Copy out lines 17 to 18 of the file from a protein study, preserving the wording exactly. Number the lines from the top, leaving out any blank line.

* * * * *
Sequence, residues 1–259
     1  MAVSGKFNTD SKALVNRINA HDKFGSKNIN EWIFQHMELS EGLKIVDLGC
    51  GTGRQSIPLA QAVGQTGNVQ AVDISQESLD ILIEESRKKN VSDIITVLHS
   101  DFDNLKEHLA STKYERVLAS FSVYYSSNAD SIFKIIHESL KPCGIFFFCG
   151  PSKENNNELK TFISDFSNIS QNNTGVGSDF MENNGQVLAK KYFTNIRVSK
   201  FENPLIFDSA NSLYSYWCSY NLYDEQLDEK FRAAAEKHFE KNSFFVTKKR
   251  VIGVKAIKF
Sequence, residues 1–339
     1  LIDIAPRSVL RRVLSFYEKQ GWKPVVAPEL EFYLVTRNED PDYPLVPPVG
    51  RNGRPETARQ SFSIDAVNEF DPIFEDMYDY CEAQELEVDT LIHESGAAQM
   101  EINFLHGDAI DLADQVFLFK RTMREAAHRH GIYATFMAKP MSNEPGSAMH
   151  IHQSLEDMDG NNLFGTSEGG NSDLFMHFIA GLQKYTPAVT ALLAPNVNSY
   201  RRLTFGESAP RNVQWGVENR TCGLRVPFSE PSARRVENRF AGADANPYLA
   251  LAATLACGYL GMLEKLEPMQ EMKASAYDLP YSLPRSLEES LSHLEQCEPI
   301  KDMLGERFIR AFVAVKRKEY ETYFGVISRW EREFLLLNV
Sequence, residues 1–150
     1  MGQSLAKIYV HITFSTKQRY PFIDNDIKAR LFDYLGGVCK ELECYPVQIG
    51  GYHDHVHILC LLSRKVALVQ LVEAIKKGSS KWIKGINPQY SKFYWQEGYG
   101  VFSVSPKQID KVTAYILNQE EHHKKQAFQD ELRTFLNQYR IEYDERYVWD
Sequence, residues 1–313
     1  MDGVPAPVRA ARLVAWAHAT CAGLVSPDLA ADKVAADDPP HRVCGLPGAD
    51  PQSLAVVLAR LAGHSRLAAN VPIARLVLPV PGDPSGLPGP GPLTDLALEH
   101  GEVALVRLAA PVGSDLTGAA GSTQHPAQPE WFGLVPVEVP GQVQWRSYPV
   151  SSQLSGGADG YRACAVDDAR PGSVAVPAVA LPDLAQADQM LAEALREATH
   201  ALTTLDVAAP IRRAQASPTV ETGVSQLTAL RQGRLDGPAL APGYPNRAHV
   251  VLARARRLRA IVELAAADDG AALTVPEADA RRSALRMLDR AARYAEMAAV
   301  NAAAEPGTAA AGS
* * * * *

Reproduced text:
     1  MGQSLAKIYV HITFSTKQRY PFIDNDIKAR LFDYLGGVCK ELECYPVQIG
    51  GYHDHVHILC LLSRKVALVQ LVEAIKKGSS KWIKGINPQY SKFYWQEGYG